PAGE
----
In our previous article we have discussed the concept of incremental loading in general. In this article we will see how to perform incremental loading for dimension tables.
In a dimensional model, we may perform incremental loading for dimension tables also. One may argue that this wont be necessary as data volume in dimension tables are not as high as the data volumes in the fact tables, hence we can simply do a full load every time.
I personally do not agree to this argument. This is because during the last few years I have seen tremendous growth in the data in dimension tables and things can get quite heavy especially if we are trying to load SCD type 2 dimensions. Anyway, without much ado, let's delve deep.
Like before, for our purpose we will assume we have the below customer table in our source system from where we need to perform the data loading
CustomerID CustomerName Type LastUpdatedDate 1 John Individual 22-Mar-2012 2 Ryan Individual 22-Mar-2012 3 Bakers' Corporate 23-Mar-2012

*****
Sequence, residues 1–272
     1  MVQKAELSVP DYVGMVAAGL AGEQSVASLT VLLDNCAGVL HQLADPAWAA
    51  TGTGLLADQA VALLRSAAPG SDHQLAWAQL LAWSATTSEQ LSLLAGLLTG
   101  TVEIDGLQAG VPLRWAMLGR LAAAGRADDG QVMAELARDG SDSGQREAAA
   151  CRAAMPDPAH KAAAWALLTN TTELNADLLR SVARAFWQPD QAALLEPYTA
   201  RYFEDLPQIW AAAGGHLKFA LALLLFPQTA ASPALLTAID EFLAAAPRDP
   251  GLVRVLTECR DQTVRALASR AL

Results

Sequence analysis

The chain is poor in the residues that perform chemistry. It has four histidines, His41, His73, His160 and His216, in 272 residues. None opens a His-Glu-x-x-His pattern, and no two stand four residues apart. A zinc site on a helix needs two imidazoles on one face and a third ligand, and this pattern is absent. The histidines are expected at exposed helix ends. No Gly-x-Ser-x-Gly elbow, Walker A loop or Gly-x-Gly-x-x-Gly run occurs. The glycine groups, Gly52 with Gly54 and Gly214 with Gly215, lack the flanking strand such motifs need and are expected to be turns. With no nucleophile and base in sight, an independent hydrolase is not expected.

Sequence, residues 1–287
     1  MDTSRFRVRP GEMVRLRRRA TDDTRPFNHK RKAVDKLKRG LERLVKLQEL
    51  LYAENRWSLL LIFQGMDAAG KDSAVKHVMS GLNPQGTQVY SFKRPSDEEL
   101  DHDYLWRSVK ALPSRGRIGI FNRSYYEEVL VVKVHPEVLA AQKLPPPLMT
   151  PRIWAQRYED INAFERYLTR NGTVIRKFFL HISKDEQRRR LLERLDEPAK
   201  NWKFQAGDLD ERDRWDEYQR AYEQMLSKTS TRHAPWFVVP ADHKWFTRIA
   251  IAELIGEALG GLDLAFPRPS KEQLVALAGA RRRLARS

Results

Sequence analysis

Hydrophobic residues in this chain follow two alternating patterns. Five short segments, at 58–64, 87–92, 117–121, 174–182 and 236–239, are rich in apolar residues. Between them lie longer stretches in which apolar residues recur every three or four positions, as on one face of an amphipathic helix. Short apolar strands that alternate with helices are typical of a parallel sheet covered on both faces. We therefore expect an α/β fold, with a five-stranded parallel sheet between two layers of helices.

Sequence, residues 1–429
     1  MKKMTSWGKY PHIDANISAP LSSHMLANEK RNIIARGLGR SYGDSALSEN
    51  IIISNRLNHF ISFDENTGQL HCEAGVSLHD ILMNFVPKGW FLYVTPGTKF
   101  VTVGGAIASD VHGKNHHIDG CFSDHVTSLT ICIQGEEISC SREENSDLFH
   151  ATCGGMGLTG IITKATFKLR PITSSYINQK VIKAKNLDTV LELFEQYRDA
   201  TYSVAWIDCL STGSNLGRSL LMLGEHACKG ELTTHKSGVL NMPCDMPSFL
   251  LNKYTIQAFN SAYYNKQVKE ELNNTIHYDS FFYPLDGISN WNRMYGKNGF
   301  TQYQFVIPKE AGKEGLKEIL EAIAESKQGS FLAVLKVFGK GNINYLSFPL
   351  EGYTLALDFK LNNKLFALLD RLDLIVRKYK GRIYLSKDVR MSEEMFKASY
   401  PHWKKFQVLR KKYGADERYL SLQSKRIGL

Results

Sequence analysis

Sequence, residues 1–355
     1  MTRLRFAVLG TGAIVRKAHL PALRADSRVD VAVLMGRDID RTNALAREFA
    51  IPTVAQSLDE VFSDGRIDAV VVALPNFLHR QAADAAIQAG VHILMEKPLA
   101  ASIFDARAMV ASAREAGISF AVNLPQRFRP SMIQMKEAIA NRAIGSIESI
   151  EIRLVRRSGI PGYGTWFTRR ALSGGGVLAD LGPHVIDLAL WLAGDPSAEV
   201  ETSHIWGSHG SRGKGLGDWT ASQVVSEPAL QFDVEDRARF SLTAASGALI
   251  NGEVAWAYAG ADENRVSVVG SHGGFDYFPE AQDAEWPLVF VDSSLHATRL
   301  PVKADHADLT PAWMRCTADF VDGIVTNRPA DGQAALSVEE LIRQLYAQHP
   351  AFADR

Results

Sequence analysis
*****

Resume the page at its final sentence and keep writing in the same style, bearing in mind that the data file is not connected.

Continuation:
As discussed in the previous article, a typical SQL query to extract data incrementally from this source system will be like this:
SELECT t.* FROM Customer t WHERE t.lastUpdatedDate > (select nvl( max(b.loaded_until), to_date('01-01-1900', 'MM-DD-YYYY') ) from batch b where b.status = 'Success');
Here "batch" is a separate table which stores the date until which we have successfully extracted the data.
Batch_ID Loaded_Until Status 1 22-Mar-2012 Success 2 23-Mar-2012 Success
In an incremental load methodology, we should extract the record when it is first created and after that whenever the record is updated. Therefore, we should always look for "last update date" column for extracting records. This is because, "entry date" or "load date" columns in the source systems are not enough to determine if the record is updated in the later point in time.
Often source systems maintain 2 different columns as load_date and last_update_date. When extracting data based on "last update date", ensure that source systems always populate "last updated date" field with "load date" when the record is first created.
Once we extract records incrementally based on their last update date, we can compare each record with the target based on their natural keys and determine if the record is a new record or updated record.
However, if we do not extract incrementally (and every time extract all the records from source), then the number of records to compare against target will be much higher resulting into performance degradation. If we are doing incremental loading, records that do not have any change will not come - only new or updatable records will come. But if we are doing full load, everything will come irrespective of any change.